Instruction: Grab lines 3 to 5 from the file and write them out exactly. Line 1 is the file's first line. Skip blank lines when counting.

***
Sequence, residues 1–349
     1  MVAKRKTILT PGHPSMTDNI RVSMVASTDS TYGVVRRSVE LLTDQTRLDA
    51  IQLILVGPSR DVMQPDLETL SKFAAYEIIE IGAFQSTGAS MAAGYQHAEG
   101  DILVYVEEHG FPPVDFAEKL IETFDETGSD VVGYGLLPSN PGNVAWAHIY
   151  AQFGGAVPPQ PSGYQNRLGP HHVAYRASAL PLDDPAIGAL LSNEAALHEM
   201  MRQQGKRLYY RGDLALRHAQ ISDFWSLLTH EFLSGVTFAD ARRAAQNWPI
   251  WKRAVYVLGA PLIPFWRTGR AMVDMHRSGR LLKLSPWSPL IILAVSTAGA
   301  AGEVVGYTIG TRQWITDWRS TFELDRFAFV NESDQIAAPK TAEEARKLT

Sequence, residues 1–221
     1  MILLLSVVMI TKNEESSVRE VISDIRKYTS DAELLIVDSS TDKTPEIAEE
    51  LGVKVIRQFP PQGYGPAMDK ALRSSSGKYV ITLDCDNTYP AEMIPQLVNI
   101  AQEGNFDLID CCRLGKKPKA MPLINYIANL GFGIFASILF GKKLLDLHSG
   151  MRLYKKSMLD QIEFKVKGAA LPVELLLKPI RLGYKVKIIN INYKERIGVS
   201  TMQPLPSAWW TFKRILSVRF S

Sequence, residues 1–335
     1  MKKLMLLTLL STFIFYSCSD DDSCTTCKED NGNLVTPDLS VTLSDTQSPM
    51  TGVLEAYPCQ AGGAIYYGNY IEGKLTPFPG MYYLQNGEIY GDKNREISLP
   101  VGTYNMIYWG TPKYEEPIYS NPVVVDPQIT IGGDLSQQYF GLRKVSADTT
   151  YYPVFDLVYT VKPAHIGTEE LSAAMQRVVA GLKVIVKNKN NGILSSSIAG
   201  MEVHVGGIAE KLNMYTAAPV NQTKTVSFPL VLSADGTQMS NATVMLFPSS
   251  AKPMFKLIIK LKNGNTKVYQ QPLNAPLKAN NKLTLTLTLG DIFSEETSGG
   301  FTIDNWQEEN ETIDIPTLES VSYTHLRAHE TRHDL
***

    51  IQLILVGPSR DVMQPDLETL SKFAAYEIIE IGAFQSTGAS MAAGYQHAEG
   101  DILVYVEEHG FPPVDFAEKL IETFDETGSD VVGYGLLPSN PGNVAWAHIY
   151  AQFGGAVPPQ PSGYQNRLGP HHVAYRASAL PLDDPAIGAL LSNEAALHEM